American Airlines primarily operates a mix of Airbus and Boeing (including McDonnell Douglas) narrow-body and wide-body aircraft, as well as one narrow-body type from Embraer. American is currently in the process of the largest fleet renewal in its history, with over 270 aircraft remaining on order from Airbus and Boeing. American Airlines also announced a new livery to be painted on all aircraft. American Airlines expects to be done repainting all aircraft by the end of 2017, and has already completed repainting of all of its wide-body aircraft that are expected to remain in service beyond 2017.
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All US Airways airframes were transferred to American Airlines on April 8, 2015 when a Single Operating Certificate was awarded by the Federal Aviation Administration.
American is the largest operator of Airbus A320 family of aircraft in the world. It operates the largest fleet of A321 aircraft, and has the second largest A319 fleet, only behind easyJet. American also operates the fourth largest fleet of Boeing 737 Next Generation family aircraft worldwide (behind Ryanair, Southwest Airlines, and United Airlines), while having the second largest fleet of the Boeing 737-800 variant (the only Next Generation variant used by American), trailing Ryanair. Its wide-body aircraft are mainly Boeing airliners. It is the fifth-largest operator of the Boeing 777 series and the Boeing 787 series, as well as the fourth-largest operator of the Boeing 767 series.
The following table represents all American Airlines mainline fleet types and layouts in service (including US Airways airframes) as of June 2017.
"W" class is Premium Economy that is offered for selected international wide body routes. "MCE" class is Main Cabin Extra that is offered for several routes.
- Eight Boeing 377s and seven Lockheed L-049 Constellations served in American Overseas Airways' transatlantic service and were acquired by Pan American World Airways.
- In early 1970 before AA took delivery of its own Boeing 747, the company leased two Pan Am 747-121s. These aircraft were painted in full AA livery, and were operated until early 1971, then returned to Pan Am after AA received its own new 747-123s.
- After American acquired Trans Caribbean Airways (TCA) in 1971, the company briefly owned TCA's fleet of five Douglas DC-8s (three -50s & two -61s). These aircraft were never operated by AA and were sold to other carriers. American continued to operate Boeing 727-200 aircraft that were previously flown by TCA.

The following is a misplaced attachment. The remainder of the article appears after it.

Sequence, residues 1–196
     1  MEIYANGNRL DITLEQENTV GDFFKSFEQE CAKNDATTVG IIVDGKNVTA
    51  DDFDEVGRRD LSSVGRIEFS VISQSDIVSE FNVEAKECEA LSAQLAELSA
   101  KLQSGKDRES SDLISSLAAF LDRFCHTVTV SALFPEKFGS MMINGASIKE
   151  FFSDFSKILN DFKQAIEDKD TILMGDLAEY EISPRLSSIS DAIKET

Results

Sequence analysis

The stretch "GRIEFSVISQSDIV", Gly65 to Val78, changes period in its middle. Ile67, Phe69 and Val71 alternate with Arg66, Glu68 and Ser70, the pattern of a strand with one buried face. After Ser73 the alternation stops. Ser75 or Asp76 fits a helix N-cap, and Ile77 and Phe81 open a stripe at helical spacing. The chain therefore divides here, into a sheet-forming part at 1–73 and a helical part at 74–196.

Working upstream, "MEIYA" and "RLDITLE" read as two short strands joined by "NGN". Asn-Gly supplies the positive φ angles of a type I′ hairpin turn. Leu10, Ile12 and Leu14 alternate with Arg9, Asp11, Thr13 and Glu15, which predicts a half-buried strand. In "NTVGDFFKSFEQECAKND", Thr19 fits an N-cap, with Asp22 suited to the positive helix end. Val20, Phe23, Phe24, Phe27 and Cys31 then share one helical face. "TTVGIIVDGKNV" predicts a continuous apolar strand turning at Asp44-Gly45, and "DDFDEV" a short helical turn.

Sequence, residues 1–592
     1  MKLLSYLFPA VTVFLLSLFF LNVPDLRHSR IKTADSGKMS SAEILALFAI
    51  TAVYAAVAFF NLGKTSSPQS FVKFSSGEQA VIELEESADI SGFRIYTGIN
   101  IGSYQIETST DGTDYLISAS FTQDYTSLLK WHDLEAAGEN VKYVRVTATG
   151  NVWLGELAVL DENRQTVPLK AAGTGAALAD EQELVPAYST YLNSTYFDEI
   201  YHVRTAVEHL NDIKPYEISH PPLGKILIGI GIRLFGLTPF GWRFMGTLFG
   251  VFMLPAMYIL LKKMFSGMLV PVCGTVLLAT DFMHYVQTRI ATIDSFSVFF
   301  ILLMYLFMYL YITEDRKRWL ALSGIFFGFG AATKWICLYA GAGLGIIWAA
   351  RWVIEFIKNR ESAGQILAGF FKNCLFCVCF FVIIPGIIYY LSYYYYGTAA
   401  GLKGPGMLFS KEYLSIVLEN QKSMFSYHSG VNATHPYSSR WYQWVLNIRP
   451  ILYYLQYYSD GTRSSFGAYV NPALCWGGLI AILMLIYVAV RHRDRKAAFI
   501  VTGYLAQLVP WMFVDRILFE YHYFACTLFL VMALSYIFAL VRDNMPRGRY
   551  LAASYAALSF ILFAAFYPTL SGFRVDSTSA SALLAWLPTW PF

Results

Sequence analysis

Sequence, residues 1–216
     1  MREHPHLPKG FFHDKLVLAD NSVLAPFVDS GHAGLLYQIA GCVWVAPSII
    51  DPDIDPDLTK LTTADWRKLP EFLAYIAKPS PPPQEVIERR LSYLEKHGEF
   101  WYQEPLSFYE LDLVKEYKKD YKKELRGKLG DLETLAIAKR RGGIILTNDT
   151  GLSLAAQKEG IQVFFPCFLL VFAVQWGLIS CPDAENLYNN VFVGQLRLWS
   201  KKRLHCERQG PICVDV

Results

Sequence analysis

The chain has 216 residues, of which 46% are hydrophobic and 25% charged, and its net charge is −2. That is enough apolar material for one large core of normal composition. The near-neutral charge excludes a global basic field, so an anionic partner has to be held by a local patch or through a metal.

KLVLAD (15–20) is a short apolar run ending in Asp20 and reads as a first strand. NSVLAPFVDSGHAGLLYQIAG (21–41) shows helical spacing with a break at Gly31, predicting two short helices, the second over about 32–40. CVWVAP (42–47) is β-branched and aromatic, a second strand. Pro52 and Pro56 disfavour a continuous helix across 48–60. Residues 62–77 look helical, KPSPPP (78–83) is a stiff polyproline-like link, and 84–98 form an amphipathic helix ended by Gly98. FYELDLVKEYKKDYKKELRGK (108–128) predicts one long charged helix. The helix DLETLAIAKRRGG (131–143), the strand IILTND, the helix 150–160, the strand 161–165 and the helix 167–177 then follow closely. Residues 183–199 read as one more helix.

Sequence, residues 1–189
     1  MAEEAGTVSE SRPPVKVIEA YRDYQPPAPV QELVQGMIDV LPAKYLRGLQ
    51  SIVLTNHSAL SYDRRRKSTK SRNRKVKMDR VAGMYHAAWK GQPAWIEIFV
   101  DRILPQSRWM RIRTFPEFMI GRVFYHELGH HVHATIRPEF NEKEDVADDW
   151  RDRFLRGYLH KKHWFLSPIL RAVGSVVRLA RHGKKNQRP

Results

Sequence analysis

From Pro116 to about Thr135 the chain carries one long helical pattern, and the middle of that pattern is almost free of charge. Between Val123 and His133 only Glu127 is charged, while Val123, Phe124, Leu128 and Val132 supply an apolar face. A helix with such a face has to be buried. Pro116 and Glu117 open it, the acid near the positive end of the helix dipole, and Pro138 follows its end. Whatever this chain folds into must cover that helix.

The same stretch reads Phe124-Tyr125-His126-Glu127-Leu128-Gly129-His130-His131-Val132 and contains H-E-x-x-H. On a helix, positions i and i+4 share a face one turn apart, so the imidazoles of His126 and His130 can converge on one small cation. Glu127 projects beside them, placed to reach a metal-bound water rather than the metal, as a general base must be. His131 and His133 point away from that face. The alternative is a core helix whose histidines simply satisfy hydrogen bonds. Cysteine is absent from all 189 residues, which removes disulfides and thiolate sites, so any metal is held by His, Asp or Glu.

- American operated a small fleet of five Convair 440 prop aircraft from the mid-1970s to 1980 in the Caribbean via a wholly owned subsidiary, American Inter-Island Airlines. Scheduled CV-440 passenger service was operated between San Juan, St. Thomas and St. Croix until runway improvements were completed at St. Thomas thus permitting a return of American jet service following the crash of a Boeing 727-100 operating as American Airlines Flight 625 at St. Thomas (STX) on April 27, 1976. There is a small exhibit commemorating American Inter-Island at the American Airlines C.R. Smith Museum near Dallas/Ft. Worth Airport.
- Most Boeing 747-100 wide body aircraft were retired from passenger service in the late 1970s and served as freighters until their final retirement in 1985. Several were retired earlier with NASA acquiring one of the early retired aircraft in 1974 and then modifying it as a Shuttle Carrier Aircraft (SCA) in order to transport Space Shuttle Orbiter Vehicles. Early in its NASA career, the aircraft, N905NA, continued to carry the American Airlines tricolor cheatline before eventually being repainted.
- American briefly operated a Boeing 747-200C freighter for six months in 1984.
- Twenty-one Boeing 737-100/200/300s and eight British Aerospace BAe 146-200 aircraft that were operated between 1987 and 1992 were acquired with the assets of AirCal and primarily operated from AA's hub at San Jose International Airport.
- American briefly operated five McDonnell Douglas MD-87s and five MD-90s acquired as a result of its acquisition of Reno Air.
- American Airlines was the largest passenger McDonnell Douglas DC-10 operator before retiring this wide body type in 2000, operating a total of 55 DC-10-10s and 11 DC-10-30s.
- After acquiring Trans World Airlines (TWA), American operated 28 Boeing 717-200 and 8 McDonnell Douglas MD-81 aircraft between 2001 and 2003. American sold off TWA's fleet of Boeing 757-200s and Boeing 767-300ERs.
- American Airlines retired its Airbus A300-600R wide body aircraft in August 2009 after 21 years of service. Afterwards, American was an exclusive Boeing operator (including McDonnell Douglas aircraft, due to its merger with Boeing in 1997) until 2013, when it took delivery of its first Airbus A319.
- Aircraft that were acquired through the merger with US Airways that weren't previously operated by American included the Airbus A320, A330-200, A330-300, and the Embraer 190.
Source of the article : Wikipedia